The flight from Cambodia to Korea was a tense one.  I didn’t know if I would make it without puking or not!  And I didn’t know if the health people would let me back into Korea.  The bus ride from the airport to the station near our flat was even worse. x.x


My job duties changed significantly, such that I had an entirely new set of things to do at work.  With a last moment notification, of course, that I would be teaching a creative writing class.  I ended up being the school librarian (which included redoing the entire library database due to inconsistencies in the original), the school nurse, the keeper of lost and found, the solver of printer issues, the online course proctor, teacher of creative writing and a quasi-ESL class (added in because apparently I had the time), the only one to do something about the computer lab (creating an admin password and removing games from the computers, including Grand Theft Auto O.o ), and being one of the few substitute teachers.  So while I didn’t have quite the same stressors as I had for the first half of the school year, I definitely was kept busy.

My wife ended up getting typhoid fever, which shut the school down for a week and put her in the hospital and then stuck at home for a while.  That was a bit of excitement.  I had to be tested for typhoid fever, too.  (And it wasn’t easy to swab myself).  But I ended up being clean.

I started taking 검도 (Keomdo, Korean form of Kendo) lessons, which was a lot of fun.  October was the last time I went—despite making it on the rank board and having my own armor, the language barrier proved to be too much as I couldn’t understand the explanations of how to not make the mistakes I was making. T.T  So here’s hoping I find a Kendo or Keomdo dojo in the states and start over.  One of the fun things that resulted from Keomdo was going to a raw seafood place with my instructors and a few classmates and having my Korean classmates shove raw abalone and squid into my mouth.  I tried to explain that I grew up on the coast and could feed myself seafood…  But that failed to keep them from putting raw seafood into my mouth.  I think I may have gotten food poisoning from that outing… >.>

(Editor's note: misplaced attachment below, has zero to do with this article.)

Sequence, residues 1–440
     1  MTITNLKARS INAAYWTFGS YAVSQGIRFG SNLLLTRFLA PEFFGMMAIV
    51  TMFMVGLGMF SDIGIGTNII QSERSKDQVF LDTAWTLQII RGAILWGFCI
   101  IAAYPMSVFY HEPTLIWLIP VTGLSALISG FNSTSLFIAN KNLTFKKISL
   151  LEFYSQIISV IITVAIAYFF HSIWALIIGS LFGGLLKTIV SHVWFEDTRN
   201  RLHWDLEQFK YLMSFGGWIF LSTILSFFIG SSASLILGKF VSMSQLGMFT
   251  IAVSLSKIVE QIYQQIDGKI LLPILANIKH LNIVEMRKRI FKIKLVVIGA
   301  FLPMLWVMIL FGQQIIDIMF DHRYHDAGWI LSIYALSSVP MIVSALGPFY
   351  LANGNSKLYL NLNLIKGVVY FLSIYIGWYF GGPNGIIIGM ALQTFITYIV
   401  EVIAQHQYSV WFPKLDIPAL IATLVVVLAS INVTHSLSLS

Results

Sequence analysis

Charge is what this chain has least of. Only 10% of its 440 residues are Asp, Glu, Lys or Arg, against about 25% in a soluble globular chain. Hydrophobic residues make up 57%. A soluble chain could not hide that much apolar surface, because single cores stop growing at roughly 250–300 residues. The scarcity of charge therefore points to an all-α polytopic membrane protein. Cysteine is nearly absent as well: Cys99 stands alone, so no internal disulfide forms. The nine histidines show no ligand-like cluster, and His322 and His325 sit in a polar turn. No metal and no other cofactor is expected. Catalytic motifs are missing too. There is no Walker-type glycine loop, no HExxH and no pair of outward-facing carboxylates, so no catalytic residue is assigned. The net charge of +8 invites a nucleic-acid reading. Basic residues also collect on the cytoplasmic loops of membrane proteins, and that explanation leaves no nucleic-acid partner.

I wrote some poetry during the school year.  School, lesson planning, keomdo, Bible study (both the online one I lead and the one the Bible teacher was doing), church, and other sundry things kept me busy for most of the school year, though, so not too much exciting to tell.  My parents and my wife’s aunt both visited us.  Those visits were fun! :D   One of the places I visited with my parents was Suwon Fortress.  It was fascinating seeing the old wall encircling part of the city.  On our way back from the fortress we watched a parade of people dressed in period costumes.